OpenJurist

617 F2d 636 American Federation of Labor Congress of Industrial Organizations v. Marshall Cotton Warehouse Association

617 F.2d 636

199 U.S.App.D.C. 54, 7 O.S.H. Cas.(BNA) 1775,
1979 O.S.H.D. (CCH) P 23,963

AMERICAN FEDERATION OF LABOR & CONGRESS OF INDUSTRIAL
ORGANIZATIONS et al., Petitioners,
v.
Ray MARSHALL, Secretary of Labor, United States Department
of Labor, et al., Respondents.
COTTON WAREHOUSE ASSOCIATION, Petitioner,
v.
Ray MARSHALL, Secretary of Labor, United States Department
of Labor, and Eula Bingham, Assistant Secretary of Labor, U.
S. Department of Labor and Occupational Safety and Health
Administration, U. S. Department of Labor.
AMERICAN TEXTILE MANUFACTURERS INSTITUTE, INC., Petitioner,
v.
Dr. Eula BINGHAM, Assistant Secretary of Labor, United
States Department of Labor and Occupational Safety
and Health Administration, United States
Department of Labor, Respondents,
American Federation of Labor and Congress of Industrial
Organizations; Industrial Union Department,
AFL-CIO; and Amalgamated Clothing and
Textile Workers Union,
AFL-CIO, CLC, Intervenors.
AMERICAN TEXTILE MANUFACTURERS INSTITUTE, INC., Petitioner,
v.
Dr. Eula BINGHAM, Assistant Secretary of Labor, United
States Department of Labor and Occupational Safety
and Health Administration, United States
Department of Labor, Respondents,
AFL-CIO, etc., Intervenors, (two cases).
MILLIKEN AND COMPANY, Petitioner,
v.
Ray MARSHALL, Secretary of Labor and Dr. Eula Bingham,
Assistant Secretary of Labor, Respondents.
ARKWRIGHT MILLS, Petitioner,
v.
F. Ray MARSHALL, Secretary, Department of Labor, and Eula
Bingham, Assistant Secretary of Labor for
Occupational Safety and Health, Respondents.
SPARTAN MILLS, Petitioner,
v.
F. Ray MARSHALL, Secretary, Department of Labor, and Eula
Bingham, Assistant Secretary of Labor for
Occupational Safety and Health, Respondents.
BLAIR MILLS, INC., Petitioner,
v.
F. Ray MARSHALL, Secretary, Department of Labor, and Eula
Bingham, Assistant Secretary of Labor for
Occupational Safety and Health, Respondents.
HERMITAGE, INC., Petitioner,
v.
F. Ray MARSHALL, Secretary, Department of Labor, and Eula
Bingham, Assistant Secretary of Labor for
Occupational Safety and Health, Respondents.
DAN RIVER, INC., Petitioner,
v.
Dr. Eula BINGHAM, Assistant Secretary of Labor, United
States Department of Labor and Occupational Safety
and Health Administration, United States
Department of Labor, Respondents.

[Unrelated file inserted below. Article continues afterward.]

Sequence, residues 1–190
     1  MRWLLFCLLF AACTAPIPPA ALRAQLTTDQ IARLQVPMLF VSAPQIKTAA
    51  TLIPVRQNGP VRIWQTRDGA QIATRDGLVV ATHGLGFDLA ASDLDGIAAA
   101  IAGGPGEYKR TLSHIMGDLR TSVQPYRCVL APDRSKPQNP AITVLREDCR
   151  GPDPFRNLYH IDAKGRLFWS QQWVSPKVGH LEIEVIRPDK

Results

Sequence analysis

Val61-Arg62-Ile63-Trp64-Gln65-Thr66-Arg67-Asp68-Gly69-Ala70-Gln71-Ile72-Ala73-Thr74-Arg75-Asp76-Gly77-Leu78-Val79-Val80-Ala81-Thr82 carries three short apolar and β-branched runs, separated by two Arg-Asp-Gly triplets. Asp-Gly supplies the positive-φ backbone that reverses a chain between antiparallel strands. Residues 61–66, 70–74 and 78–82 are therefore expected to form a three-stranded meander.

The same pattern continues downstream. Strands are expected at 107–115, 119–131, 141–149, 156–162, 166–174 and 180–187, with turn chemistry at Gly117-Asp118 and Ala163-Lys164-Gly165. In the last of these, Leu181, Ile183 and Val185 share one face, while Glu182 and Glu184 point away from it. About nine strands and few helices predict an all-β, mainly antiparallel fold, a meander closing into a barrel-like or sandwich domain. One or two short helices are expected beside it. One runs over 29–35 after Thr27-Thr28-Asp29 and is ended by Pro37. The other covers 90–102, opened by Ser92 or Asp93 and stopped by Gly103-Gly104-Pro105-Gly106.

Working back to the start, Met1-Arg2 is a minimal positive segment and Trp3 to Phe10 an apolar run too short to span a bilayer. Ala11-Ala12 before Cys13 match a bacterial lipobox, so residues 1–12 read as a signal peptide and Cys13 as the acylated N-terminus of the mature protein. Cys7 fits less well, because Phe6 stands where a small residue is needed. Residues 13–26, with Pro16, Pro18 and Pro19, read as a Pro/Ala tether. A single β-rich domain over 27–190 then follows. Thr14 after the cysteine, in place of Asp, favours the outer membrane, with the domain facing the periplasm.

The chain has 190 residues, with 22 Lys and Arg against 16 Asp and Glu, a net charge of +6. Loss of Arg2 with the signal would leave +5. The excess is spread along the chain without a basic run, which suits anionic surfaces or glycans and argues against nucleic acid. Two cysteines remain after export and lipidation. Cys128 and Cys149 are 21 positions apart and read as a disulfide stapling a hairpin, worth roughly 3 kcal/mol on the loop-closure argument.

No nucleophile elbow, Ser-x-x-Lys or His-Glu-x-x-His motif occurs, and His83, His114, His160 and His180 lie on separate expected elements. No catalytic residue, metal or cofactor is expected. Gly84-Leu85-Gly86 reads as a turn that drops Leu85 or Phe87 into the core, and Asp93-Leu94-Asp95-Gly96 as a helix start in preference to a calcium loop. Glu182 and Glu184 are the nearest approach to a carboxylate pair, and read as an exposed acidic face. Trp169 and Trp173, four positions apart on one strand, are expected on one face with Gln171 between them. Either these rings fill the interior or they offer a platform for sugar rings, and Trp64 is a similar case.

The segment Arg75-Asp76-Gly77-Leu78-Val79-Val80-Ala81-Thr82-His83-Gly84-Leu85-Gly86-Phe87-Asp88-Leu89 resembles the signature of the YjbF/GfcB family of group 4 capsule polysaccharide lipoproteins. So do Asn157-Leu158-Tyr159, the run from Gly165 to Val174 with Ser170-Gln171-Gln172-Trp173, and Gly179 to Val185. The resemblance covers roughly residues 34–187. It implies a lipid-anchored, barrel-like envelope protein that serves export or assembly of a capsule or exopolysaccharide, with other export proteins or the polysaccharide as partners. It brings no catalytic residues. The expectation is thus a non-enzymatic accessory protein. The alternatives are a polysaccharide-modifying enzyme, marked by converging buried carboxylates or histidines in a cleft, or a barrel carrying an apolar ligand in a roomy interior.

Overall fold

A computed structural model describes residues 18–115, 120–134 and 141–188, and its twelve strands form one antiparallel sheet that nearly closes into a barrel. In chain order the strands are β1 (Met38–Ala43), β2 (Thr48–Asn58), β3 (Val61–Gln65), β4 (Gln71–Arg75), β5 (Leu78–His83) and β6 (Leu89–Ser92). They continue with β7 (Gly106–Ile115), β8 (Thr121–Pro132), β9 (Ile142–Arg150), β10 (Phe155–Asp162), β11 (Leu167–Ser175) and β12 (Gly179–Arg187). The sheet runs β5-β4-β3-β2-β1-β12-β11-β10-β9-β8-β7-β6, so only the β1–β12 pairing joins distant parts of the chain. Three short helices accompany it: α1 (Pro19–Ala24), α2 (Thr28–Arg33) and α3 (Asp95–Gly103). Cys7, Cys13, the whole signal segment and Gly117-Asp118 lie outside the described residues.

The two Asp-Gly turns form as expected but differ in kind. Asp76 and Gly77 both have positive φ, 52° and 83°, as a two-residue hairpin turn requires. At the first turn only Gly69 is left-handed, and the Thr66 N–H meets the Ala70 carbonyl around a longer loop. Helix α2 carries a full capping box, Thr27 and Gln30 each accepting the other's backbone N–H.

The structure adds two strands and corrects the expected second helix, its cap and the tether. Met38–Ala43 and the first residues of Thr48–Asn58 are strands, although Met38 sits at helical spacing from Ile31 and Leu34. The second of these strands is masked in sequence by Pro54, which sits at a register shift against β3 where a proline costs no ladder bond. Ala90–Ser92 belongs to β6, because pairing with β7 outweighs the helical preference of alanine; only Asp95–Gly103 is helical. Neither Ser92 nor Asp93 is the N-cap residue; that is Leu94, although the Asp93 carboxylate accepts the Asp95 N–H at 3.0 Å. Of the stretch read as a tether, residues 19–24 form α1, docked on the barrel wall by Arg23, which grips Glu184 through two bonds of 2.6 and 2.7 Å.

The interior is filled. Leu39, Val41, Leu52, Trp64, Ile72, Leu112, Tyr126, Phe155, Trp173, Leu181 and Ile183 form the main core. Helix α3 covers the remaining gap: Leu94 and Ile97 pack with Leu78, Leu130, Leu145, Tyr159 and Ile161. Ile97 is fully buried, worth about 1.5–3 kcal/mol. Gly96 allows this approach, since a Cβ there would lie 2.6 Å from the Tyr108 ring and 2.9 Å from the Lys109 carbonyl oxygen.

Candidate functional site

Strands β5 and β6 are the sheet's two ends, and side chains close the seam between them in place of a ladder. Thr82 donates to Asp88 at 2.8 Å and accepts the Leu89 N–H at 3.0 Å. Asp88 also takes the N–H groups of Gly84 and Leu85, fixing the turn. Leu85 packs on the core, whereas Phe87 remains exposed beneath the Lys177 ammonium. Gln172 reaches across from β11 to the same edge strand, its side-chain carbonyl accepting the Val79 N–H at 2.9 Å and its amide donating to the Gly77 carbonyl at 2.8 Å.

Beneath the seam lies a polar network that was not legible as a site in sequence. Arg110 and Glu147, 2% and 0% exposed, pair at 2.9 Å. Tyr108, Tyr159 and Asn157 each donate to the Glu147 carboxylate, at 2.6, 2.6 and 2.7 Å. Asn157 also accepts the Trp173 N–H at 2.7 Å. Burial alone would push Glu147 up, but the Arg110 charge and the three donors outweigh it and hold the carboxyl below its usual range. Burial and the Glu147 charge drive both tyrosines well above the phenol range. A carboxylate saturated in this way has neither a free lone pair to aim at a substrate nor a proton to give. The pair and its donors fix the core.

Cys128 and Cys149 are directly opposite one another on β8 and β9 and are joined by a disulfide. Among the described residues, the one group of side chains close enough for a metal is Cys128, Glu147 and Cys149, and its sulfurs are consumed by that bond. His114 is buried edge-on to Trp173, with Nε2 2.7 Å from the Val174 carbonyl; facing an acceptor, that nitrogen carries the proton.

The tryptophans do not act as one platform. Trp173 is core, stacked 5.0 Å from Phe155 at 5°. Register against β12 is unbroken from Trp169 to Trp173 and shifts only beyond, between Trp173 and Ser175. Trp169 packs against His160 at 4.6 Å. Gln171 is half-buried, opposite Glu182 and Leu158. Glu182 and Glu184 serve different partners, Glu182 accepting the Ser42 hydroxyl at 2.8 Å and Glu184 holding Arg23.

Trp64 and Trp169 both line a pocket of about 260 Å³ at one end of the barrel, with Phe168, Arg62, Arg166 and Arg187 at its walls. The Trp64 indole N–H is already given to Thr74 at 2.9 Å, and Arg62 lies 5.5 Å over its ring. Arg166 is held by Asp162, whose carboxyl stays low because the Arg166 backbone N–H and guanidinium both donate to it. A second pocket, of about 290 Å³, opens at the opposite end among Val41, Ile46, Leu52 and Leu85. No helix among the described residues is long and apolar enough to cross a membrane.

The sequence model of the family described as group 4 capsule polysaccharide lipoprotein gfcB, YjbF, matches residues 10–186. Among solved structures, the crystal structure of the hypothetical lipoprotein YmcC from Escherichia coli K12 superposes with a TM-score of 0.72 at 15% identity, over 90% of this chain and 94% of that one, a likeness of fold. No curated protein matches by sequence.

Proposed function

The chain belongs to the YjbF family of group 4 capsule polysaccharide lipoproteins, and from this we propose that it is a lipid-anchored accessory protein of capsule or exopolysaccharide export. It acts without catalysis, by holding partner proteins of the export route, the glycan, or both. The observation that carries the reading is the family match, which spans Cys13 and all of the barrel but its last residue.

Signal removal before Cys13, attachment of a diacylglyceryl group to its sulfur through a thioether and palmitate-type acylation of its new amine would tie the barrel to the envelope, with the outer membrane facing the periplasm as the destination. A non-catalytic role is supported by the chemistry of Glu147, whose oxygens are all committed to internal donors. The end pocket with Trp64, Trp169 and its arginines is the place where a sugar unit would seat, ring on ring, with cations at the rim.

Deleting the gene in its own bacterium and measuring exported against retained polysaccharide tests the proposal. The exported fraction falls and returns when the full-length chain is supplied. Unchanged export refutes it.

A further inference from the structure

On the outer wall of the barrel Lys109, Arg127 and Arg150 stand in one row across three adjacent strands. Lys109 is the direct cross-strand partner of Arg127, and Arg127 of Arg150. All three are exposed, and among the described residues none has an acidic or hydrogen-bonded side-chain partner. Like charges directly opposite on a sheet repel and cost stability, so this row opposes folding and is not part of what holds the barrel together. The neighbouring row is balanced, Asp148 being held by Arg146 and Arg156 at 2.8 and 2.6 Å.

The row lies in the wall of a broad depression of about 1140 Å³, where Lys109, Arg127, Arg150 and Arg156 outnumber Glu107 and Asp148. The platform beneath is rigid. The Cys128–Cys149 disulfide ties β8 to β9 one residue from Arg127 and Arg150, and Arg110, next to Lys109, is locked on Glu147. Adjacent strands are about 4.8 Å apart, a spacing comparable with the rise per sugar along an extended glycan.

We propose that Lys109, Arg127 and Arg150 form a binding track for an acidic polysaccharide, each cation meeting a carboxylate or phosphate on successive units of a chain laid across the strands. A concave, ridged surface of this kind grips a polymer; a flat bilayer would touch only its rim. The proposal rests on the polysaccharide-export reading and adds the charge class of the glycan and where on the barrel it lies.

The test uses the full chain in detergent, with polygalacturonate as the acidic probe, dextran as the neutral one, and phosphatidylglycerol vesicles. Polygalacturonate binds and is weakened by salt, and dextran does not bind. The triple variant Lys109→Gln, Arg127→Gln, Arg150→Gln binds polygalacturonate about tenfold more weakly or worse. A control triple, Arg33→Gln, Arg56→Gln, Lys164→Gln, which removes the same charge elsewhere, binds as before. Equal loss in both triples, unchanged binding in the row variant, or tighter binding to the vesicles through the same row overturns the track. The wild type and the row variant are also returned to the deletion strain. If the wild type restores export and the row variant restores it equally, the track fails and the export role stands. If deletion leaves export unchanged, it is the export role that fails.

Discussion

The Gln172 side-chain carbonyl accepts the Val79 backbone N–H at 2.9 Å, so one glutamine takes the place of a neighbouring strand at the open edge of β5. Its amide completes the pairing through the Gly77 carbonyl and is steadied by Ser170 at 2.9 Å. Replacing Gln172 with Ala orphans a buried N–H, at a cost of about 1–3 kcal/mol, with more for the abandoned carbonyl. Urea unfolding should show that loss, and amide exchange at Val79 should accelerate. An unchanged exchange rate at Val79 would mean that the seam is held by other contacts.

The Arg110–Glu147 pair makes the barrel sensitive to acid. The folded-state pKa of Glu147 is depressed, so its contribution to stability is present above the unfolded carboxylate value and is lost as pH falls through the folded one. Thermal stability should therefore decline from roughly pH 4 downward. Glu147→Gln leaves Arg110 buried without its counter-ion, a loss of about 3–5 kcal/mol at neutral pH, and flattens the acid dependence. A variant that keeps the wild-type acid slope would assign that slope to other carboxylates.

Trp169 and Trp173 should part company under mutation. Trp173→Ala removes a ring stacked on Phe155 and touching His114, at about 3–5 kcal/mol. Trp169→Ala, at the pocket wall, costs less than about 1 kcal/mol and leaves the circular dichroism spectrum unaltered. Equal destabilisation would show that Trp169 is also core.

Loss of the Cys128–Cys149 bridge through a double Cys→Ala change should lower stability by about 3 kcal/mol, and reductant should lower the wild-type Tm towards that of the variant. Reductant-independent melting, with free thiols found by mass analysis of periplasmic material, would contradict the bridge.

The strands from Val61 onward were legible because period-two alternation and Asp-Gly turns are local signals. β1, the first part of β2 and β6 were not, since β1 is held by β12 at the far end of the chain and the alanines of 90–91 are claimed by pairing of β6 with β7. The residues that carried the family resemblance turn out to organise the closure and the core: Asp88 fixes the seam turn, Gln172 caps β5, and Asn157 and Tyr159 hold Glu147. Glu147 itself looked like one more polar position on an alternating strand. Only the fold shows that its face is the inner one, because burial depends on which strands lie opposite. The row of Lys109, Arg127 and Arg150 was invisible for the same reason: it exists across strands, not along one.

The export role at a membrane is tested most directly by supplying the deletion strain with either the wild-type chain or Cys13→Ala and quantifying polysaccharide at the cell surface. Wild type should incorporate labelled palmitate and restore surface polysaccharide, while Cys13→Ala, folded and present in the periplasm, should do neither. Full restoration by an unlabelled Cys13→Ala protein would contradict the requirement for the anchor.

CONE MILLS CORPORATION, Petitioner,
v.
Ray MARSHALL, Secretary of Labor, United States Department
of Labor, and Eula Bingham, Assistant Secretary of Labor,
United States Department of Labor and Occupational Safety
and Health Administration, United States Department of
Labor, Respondents.
MAYFAIR MILLS, Petitioner,
v.
F. Ray MARSHALL, Secretary, Department of Labor, and Eula
Bingham, Assistant Secretary of Labor for
Occupational Safety and Health, Respondents.
SPRINGS MILLS, INC., Petitioner,
v.
Ray MARSHALL, Secretary of Labor, United States Department
of Labor, Dr. Eula Bingham, Assistant Secretary of Labor,
United States Department of Labor and Occupational Safety
and Health Administration, United States Department of
Labor, Respondents.
RIEGEL TEXTILE CORPORATION, Petitioner,
v.
Ray MARSHALL, Secretary of Labor, United States Department
of Labor, Eula Bingham, Assistant Secretary of Labor, United
States Department of Labor, and the Occupational Safety and
Health Administration, United States Department of Labor,
Respondents.
FIELDCREST MILLS, INC., Petitioner,
v.
F. Ray MARSHALL, Secretary of Labor, and Dr. Eula Bingham,
Assistant Secretary of Labor for Occupational Safety and
Health, and the Occupational Safety and Health
Administration, United States Department of Labor, Respondents.
AMERICAN COTTON SHIPPERS ASSOCIATION, Petitioner,
v.
Dr. Eula BINGHAM, Assistant Secretary of Labor, United
States Department of Labor, and Occupational
Safety and Health Administration, United
States Department of Labor,
Respondents.
NATIONAL COTTONSEED PRODUCTS ASSOCIATION, Petitioner,
v.
Ray MARSHALL, Secretary of Labor, United States Department
of Labor and Eula Bingham, Assistant Secretary of Labor,
United States Department of Labor, Occupational Safety and
Health Administration, United States Department of Labor,
Respondents.
NATIONAL COTTON COUNCIL OF AMERICA, Petitioner,
v.
Ray MARSHALL, Secretary of Labor, Eula Bingham, Assistant
Secretary of Labor, Occupational Safety and Health
Administration, United States Department
of Labor, Respondents.
WEST POINT-PEPPERELL, INC., Petitioner,
v.
Ray MARSHALL, Secretary of Labor and Eula Bingham, Assistant
Secretary of Labor, Respondents.

Nos. 78-1562, 78-1736, 78-1979 to 78-1982, 78-1984, 78-1986
to 78-1993, 78- 2013, 78-2014, 78-2016 and 78-2018.

United States Court of Appeals,
District of Columbia Circuit.

Argued Feb. 14, 1979.
Decided Oct. 24, 1979.
As Amended Nov. 14, 1979.
Rehearing Denied Jan. 11, 1980.

George H. Cohen, Washington, D. C., with whom Robert M. Weinberg, Jeremiah A. Collins, David M. Silverman, Laurence Gold, Judith Kincaid, Raleigh, N. C., J. Albert Woll, Elliot Bredhoff and Arthur M. Goldberg, Washington, D. C., were on the brief, for AFL-CIO, et al. petitioner in No. 78-1562, and intervenors in Nos. 78-1979, 78-1980 and 78-1981.

Robert E. Payne, Richmond, Va., with whom John S. Battle, Jr., Richmond. Va., Gregory B. Tobin, Greenville, S. C., Edward W. Warren and Arthur F. Sampson III, Washington, D. C., were on the brief, for petitioners American Textile Manufacturers Institute, Inc., et al. in Nos. 78-1562, 78-1979, 78-1980, 78-1981 and 78-1993.